This -- the real story here is a guy with a Purple Heart against a guy with a dark heart. And to the extent that the Democrats frame it that way, that will resonate with the American people.
And you know how much Republicans are worried about it because that's exactly what they're trying to obscure and deny. The whistleblower was a never -- they're trying to turn everyone into political material, basically, when in fact, these are the people --
I've lived abroad a lot and worked a lot -- wrote a lot as a foreign correspondent. What people envy most about America are our civil servants. The fact that you don't have to bribe someone when you want to get a government permission for this or that. The fact that we have military officers that go abroad and sacrifice their lives.
We have people who, every day, make the ultimate sacrifice. We have Republicans who, every day in Congress, applaud these people who make the ultimate sacrifice to protect our Constitution and these people will not make the smallest sacrifice to do the same thing. They don't want to give up their $174,000 incomes and free parking at National Airport. It is shameful.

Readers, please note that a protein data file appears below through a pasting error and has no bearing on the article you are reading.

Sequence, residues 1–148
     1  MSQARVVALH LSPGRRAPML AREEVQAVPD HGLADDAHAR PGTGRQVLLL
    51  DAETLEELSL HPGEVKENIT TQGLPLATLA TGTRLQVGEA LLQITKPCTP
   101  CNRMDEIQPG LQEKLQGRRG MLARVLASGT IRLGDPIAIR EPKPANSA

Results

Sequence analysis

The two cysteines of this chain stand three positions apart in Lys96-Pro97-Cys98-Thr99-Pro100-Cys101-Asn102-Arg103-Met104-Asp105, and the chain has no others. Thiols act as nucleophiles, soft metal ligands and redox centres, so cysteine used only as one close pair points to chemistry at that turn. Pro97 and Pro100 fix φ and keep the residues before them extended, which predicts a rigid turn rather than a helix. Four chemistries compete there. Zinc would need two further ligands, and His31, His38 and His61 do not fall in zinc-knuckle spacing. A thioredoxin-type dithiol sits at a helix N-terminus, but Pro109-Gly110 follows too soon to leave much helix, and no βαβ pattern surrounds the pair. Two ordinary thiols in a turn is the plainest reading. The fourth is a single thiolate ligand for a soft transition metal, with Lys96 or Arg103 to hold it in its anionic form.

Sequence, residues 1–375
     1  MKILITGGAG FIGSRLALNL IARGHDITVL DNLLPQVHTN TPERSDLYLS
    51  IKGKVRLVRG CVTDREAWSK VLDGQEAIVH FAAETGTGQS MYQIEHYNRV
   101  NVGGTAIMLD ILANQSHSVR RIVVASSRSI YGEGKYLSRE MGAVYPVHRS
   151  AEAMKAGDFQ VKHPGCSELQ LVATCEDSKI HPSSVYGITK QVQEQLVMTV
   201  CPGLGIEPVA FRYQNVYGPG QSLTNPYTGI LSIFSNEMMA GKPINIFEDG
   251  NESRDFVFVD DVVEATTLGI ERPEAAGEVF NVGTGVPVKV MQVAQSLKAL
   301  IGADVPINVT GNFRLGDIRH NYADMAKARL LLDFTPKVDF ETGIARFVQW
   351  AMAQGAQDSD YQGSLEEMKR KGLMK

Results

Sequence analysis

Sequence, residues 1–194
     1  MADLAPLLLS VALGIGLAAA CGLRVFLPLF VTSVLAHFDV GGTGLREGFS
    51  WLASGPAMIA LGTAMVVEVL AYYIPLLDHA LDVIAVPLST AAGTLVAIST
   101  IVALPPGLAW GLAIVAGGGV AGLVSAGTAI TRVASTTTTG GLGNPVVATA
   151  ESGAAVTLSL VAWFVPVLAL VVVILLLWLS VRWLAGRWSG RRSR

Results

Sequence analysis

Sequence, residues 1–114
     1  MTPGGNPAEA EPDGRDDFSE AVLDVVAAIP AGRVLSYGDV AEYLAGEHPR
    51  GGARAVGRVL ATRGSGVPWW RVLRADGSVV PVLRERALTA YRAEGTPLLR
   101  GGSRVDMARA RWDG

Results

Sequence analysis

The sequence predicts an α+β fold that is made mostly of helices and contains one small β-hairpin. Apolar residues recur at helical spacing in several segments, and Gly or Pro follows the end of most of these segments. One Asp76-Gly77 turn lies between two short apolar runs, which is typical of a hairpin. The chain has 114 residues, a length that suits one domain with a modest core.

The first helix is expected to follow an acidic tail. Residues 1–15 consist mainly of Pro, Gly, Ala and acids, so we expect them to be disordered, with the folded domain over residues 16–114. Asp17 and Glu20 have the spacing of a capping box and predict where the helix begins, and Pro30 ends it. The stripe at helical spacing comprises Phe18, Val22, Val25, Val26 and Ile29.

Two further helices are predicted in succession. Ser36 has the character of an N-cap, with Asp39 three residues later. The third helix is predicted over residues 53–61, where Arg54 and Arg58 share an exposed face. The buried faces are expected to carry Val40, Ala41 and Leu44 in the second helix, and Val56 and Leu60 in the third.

CAMEROTA: We're one year away from the election and this morning, there were these really fascinating polls about the battleground states and that basically, they're within the margin of error.
CAMEROTA: And, Joe Biden is the only candidate who consistently beats President Trump. And so, obviously, you could say that wow, there's a lot of runway left -- we're a year away. Or you can say Iowa is -- what did you say --
BERMAN: Ninety days.
CAMEROTA: -- 90 days away.
CAMEROTA: Ninety days away.
And it does feel -- does it feel to you that people are locked in?